Archive for October, 2015

The Worst Resume Advice We’ve Ever Heard

Thursday, October 29th, 2015

We usually like to focus on positive advice regarding proper resume construction and distribution but every once in awhile, it’s important to cover the cautionary tales, the bad advice you don’t want to be listening to.

Not that advice has to be totally off the wall to be “bad”. In this case, we are not talking about the “singing telegram” resume or the resume made from chocolate custard or related madness.

Rather, over the years, we’ve had clients come to us and ask us all kinds of questions about advice they’ve heard in regards to resume writing. Some of this advice was on point, like the importance of personal branding, but some other advice was just subtly off-base and likely to lead to poor reception if implemented. Hopefully we can dispel some of the worst resume advice we’ve heard over the years in an effort to help you wade through the deluge of resume writing advice that has taken over the Internet.

Here it goes…

You should have an objective statement.

Objectives are self-serving and fail to show the employer how you can add value to their organization. Instead, put a job title at the top of the resume and follow with an impressive career summary.

You need to include and focus on soft skills.

Including and/or focusing too much attention on so-called “soft skills” in a resume is a waste of time and space. Statements like “excellent written and verbal communication”, “ability to multi-task”, “fast-paced environment”, “professionalism”, and so on are all overused and can apply to any job seeker on the market. Instead, focus on skills and abilities unique to you.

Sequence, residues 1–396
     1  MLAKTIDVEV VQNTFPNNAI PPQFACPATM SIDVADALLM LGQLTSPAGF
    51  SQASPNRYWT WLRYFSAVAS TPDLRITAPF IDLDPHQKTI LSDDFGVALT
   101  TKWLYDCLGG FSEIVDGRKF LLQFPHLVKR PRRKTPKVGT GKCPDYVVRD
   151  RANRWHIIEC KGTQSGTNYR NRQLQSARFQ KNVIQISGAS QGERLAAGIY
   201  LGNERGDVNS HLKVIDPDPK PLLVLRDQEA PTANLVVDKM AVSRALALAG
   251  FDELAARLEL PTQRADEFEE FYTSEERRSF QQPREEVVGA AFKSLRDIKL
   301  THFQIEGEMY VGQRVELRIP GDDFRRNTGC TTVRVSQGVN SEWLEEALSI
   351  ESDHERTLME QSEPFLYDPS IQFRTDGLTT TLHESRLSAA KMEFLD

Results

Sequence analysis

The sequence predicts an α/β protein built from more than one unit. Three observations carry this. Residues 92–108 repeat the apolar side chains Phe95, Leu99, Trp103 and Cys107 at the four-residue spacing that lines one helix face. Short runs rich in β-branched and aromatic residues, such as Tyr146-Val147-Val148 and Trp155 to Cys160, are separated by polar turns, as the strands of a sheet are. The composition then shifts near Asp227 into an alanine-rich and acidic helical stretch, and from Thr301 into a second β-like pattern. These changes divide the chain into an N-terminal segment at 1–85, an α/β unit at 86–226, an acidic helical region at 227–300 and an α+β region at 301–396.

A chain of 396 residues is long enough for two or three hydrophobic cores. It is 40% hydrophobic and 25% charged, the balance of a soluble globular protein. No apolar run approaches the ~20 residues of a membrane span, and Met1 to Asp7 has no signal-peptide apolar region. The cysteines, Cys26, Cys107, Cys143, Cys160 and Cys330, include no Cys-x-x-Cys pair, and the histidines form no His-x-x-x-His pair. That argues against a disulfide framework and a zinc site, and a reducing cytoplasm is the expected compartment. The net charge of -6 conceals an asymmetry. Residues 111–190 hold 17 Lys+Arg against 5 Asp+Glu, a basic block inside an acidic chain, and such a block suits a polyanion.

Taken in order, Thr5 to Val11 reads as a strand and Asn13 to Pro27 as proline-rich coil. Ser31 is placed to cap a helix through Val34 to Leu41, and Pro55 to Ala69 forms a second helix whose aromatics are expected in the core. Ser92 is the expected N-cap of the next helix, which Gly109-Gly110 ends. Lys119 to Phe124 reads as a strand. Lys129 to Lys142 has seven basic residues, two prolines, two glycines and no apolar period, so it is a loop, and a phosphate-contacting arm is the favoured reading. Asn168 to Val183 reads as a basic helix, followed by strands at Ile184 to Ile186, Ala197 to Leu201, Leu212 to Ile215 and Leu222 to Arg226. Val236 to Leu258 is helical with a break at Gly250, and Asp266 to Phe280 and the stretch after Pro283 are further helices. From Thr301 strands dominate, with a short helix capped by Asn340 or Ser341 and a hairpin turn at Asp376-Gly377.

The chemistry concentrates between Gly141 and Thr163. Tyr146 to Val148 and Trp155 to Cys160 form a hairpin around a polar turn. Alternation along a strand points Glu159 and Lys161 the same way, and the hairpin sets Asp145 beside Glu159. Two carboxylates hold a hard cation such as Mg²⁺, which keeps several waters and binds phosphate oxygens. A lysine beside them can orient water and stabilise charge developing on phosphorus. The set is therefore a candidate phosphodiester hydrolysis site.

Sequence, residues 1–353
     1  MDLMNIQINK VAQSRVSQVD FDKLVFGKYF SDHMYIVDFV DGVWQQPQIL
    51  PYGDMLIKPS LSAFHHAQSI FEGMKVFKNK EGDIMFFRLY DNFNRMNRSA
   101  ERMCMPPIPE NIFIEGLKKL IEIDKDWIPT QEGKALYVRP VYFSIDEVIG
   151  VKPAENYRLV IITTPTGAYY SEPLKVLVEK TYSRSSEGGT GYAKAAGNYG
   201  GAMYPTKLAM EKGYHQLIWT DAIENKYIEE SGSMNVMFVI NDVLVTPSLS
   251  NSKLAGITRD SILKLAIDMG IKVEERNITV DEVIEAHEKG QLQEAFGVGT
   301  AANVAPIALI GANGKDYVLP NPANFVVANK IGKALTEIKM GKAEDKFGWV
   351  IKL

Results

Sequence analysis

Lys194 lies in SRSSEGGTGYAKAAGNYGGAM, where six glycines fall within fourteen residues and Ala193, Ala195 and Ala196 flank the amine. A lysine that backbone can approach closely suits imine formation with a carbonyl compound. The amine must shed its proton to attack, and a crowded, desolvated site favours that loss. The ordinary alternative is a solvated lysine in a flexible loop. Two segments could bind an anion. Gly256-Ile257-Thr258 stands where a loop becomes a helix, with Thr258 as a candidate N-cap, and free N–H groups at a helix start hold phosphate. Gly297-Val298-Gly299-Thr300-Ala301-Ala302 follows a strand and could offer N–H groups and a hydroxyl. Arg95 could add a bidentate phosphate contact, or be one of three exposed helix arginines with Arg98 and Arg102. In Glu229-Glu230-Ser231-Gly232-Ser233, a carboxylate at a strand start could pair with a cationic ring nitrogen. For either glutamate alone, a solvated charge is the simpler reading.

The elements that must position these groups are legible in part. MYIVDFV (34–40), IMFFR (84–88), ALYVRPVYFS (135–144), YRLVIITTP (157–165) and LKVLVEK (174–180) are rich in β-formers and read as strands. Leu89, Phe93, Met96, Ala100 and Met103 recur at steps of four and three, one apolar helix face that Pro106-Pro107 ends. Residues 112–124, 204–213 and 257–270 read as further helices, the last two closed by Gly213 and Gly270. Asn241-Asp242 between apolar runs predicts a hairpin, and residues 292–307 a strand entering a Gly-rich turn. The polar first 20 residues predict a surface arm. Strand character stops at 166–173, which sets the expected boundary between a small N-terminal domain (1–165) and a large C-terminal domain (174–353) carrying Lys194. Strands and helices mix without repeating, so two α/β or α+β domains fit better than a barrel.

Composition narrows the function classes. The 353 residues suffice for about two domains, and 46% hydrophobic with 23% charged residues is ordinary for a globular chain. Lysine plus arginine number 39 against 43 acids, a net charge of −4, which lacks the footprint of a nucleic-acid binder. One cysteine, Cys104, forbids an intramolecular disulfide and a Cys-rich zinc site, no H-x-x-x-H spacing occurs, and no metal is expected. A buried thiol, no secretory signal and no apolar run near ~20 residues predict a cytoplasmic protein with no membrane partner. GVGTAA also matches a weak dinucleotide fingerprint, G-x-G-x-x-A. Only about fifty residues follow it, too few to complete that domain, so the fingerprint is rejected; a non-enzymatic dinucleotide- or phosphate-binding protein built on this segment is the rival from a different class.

Your summary should be short and general.

A career summary doesn’t have to be boring and vague. Be specific to your accomplishments within the summary: use numbers, metrics, and answer questions like how much, how many, and how often.

Your resume should only be one page long.

Another bad piece of advice we’ve heard is that a resume can ONLY be one page long. How can executives with 20 years of experience fit all of their wonderful achievements and accomplishments onto one page? If you’re an entry-level candidate, you may only need one page but if you have 10+ years of experience, chances are you’re going to need more than a page to communicate all of that great information the employer is going to want to know.

So throw out these misguided notions on resume development and instead create an authentic representation of your career history that positions you well for your job search goals.

Original from Career Realism

4 Ways To Make Your Job Search Suck Less

Thursday, October 15th, 2015

OK, I know what you’re thinking—it’s impossible to make the job search process suck less. After all, job searching is not a traditionally “fun” process. In fact, words that more likely come to mind are stressful, tedious and hard-to-predict.

And I’ll admit that some parts of the job search process are pure torture (cough, waiting to hear back, cough). But, there are many ways to balance it out with memorable experiences. In the same way you have learned to make other “unenjoyable” activities like, say, exercise or networking less-dreaded; applying for a new position can also be energizing and impactful.

Here are four ways to make looking for a new job more fun—or, at the very least, less awful.

1. Be Open To Anything

Whether your search is focused on a single dream job or a specific industry, giving yourself space to look around may uncover interesting positions you had never considered. So, instead of brushing that intriguing listing off, take the time to consider it.